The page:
July 8, 2013

Security of supply concerns intensify in UK power market

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As of June 2013, the official view of security of supply risk in the UK power market has increased again.  Ofgem’s recently released Capacity Assessment report sets out a further deterioration in the regulator’s projections of the UK capacity balance.  The risk of customer disconnections, measured as high as a 1 in 4 chance in a scenario where the impact of the government’s efficiency measures fails to materialise, is again making national headlines.

The capacity crunch unfolds

The risk of a UK capacity crunch mid-decade has been one of the consistent themes of this blog.  In August 2011 we published an article setting out the case for a UK capacity crunch driven by closures of conventional capacity and lower renewable build rates.

In October 2012 Ofgem presented its first UK Capacity Assessment supporting the view that there was an increasing risk of a capacity crunch mid-decade.  At the time, we published another article setting out our view that:

  1. Ofgem’s public concerns and a deterioration in the UK capacity situation would significantly increase the political pressure for regulatory action
  2. Ofgem’s assumptions on capacity levels looked overly optimistic (particularly given risks around the retirement of conventional capacity)
  3. The likely reaction of the regulatory authorities would be to enable Grid to contract reserve to support existing conventional capacity

All three of those views appear to have been confirmed in Ofgem’s latest Capacity Assessment.

What is Ofgem worried about

Conventional plant retirements are a key cause of concern for Ofgem.  Since its first Capacity Assessment (Oct 12) market participants have announced an additional 2GW of imminent capacity closures.  Ofgem estimates a further 1GW by 2015/16.  These factors have caused Ofgem to project a more rapid tightening of the UK power market capacity margin compared to their analysis in October last year (as shown in Chart 1 below).  But we again believe that these numbers may be optimistic.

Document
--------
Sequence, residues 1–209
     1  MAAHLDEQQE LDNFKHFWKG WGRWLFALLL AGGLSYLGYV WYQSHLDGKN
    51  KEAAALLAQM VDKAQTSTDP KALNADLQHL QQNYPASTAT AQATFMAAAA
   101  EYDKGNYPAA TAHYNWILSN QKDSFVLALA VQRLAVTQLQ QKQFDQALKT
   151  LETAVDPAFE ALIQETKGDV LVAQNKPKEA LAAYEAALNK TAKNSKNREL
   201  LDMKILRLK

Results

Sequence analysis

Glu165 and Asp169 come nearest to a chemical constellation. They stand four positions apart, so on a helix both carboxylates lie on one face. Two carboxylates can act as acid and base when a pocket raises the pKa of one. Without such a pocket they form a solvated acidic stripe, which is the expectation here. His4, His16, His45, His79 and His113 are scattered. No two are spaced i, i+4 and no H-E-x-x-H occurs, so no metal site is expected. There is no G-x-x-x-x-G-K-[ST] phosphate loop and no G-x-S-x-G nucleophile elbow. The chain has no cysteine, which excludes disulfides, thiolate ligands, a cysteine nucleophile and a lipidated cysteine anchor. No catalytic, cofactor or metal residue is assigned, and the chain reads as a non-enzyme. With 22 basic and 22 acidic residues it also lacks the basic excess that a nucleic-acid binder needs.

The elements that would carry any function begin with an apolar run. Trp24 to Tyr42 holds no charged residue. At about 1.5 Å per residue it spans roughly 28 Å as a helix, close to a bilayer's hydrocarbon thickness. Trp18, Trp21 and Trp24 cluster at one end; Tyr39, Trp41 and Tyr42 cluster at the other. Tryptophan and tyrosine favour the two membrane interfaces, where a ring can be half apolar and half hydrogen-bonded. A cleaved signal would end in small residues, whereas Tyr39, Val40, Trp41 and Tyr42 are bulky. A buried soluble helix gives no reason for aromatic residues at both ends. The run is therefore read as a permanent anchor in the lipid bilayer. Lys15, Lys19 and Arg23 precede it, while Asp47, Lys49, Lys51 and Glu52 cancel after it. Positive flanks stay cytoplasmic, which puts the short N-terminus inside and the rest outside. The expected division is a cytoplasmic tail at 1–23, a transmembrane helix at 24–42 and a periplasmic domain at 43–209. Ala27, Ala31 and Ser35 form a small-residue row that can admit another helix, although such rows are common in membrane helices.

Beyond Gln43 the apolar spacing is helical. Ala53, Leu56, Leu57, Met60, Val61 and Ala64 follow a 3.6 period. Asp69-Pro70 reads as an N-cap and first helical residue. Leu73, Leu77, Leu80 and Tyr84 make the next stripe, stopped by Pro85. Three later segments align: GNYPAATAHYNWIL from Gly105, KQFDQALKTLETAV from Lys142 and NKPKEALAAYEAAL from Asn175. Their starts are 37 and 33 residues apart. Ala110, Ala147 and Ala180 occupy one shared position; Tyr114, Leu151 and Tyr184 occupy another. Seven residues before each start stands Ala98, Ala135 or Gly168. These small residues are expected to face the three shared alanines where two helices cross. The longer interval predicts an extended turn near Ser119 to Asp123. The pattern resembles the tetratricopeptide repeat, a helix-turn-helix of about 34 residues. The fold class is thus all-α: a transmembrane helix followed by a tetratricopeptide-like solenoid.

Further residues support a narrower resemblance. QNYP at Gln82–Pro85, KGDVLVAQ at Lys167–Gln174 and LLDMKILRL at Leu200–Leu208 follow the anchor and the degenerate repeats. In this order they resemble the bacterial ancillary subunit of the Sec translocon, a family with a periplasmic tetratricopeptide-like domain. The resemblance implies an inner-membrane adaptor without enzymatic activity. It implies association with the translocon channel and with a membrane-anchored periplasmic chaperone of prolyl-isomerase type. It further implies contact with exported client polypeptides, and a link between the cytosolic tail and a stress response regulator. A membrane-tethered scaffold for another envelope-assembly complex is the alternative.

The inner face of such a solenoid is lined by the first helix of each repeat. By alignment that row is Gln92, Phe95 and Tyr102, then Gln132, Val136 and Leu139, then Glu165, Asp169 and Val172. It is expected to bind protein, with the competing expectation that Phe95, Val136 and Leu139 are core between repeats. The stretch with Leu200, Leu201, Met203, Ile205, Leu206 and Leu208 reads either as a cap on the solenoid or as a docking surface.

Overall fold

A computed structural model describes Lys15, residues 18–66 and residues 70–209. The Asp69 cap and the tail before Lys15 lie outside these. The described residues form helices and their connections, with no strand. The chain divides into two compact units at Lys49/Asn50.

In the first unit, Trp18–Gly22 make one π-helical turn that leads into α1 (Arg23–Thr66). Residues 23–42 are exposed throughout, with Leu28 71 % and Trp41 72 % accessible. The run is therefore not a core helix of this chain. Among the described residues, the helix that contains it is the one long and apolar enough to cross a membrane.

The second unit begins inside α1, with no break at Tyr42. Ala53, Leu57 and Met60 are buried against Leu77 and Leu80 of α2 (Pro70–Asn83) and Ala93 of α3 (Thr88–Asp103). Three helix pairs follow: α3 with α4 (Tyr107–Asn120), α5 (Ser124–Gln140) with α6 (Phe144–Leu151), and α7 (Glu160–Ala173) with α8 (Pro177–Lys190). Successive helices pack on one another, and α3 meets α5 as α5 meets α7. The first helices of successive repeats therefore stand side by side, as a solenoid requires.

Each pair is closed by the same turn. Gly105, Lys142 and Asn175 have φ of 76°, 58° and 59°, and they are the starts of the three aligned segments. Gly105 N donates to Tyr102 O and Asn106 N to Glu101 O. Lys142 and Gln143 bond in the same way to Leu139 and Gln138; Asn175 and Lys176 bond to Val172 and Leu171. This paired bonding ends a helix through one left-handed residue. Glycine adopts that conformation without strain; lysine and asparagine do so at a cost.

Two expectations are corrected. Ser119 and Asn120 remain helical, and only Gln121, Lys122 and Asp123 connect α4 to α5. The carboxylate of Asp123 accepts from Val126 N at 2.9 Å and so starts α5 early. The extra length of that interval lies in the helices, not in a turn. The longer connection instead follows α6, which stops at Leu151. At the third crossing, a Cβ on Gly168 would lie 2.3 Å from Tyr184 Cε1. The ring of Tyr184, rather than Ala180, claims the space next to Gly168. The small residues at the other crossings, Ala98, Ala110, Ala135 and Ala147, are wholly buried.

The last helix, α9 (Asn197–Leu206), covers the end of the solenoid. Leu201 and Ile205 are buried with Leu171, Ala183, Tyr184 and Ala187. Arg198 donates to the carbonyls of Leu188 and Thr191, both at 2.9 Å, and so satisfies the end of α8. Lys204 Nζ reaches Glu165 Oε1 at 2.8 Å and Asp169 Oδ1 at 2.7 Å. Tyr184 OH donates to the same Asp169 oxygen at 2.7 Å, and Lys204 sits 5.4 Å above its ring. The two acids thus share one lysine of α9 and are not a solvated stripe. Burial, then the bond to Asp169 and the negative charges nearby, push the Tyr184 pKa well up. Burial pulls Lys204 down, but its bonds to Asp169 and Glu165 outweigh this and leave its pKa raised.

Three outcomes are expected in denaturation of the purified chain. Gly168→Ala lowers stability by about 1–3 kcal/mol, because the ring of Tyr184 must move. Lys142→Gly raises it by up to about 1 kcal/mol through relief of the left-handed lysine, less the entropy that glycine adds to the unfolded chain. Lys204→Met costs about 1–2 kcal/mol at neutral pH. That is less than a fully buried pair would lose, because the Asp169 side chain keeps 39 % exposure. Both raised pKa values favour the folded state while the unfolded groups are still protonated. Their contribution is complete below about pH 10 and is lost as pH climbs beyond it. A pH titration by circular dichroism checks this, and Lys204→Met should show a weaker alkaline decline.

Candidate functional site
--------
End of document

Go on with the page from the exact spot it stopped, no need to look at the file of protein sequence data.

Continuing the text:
Chart 1: Ofgem projections of de-rated capacity margins for the UK power market

Utilities are still suffering from an historically weak UK spark spread environment.  Generation margins on older CCGT are at the level, or in some cases, below the level of station fixed costs.  This capacity is at risk of mothballing or closure if spreads remain weak.

The most vulnerable CCGT plants for retirement are older, less flexible gas plant built in the 90’s dash for gas.   These assets were not designed for current conditions of low load factor running, with constant ramping and multiple starts causing increased costs through asset fatigue.  With some assets, investment in measures to improve flexibility can improve plant economics.  But there are a number of CCGT plants where flexibility improvements and fixed cost reductions are technically constrained by plant components and configuration (particularly in relation to the Heat Recovery Steam Generator).  It is these assets that are at greatest risk of retirement over the next three years, causing a further reduction in the UK capacity margin.

There are two other key risks to the capacity equation:

  1. Renewable build falls further behind target, with a particular risk around offshore wind as we set out here
  2. Ofgem’s assumption of a 3GW reduction in peak demand by 2018/19 due to the impacts of government efficiency measures does not materialise

Both of these factors depend on an improvement in the fortunes of the government’s EMR policies.

How will Ofgem react

In its first Capacity Assessment Ofgem raised the yellow flag on the risk of a capacity crunch.  Ofgem has taken a step further in this Assessment by proposing policy measures to stem the risk.  Ofgem’s report contains what appears to be a carefully worded joint statement:

Ofgem, DECC, Grid all agree ‘that it is prudent to consider the case for additional tools to help National Grid balance the electricity network during the middle of this decade when capacity margins could be tight.’

But Ofgem also makes it clear that they expect DECC to define an acceptable level of security of supply risk:

We expect DECC to define a reliability standard for the GB market through their EMR Delivery Plan. A reliability standard indicates the accepted level of risk in the market. It represents a trade-off between the level of security of supply and the investment required to achieve that level.

Ofgem’s concern around security of supply has lead it to propose two intervention options outside the wholesale market for industry consultation:

  1. Demand Side Balancing Reserve payments which allow Grid to contract demand side reductions
  2. Supplementary Balancing Reserve payments which allow Grid to contract generation capacity to protect security of supply

The latter payment looks to be consistent with what we were suggesting last October.  A ‘stop gap’ mechanism for Grid to bilaterally contract capacity reserve before the Capacity Market comes into effect after 2018.

This is important news for existing UK CCGT owners and investors.  Balancing reserve payments from Grid represent an additional potential asset revenue stream.  Given these will likely be fixed, off market capacity payments, they also de-risk CCGT returns.  In our view this only strengthens the increasingly compelling case for investing in flexible existing UK CCGT assets at current depressed values.

Security of supply concerns intensify in UK power market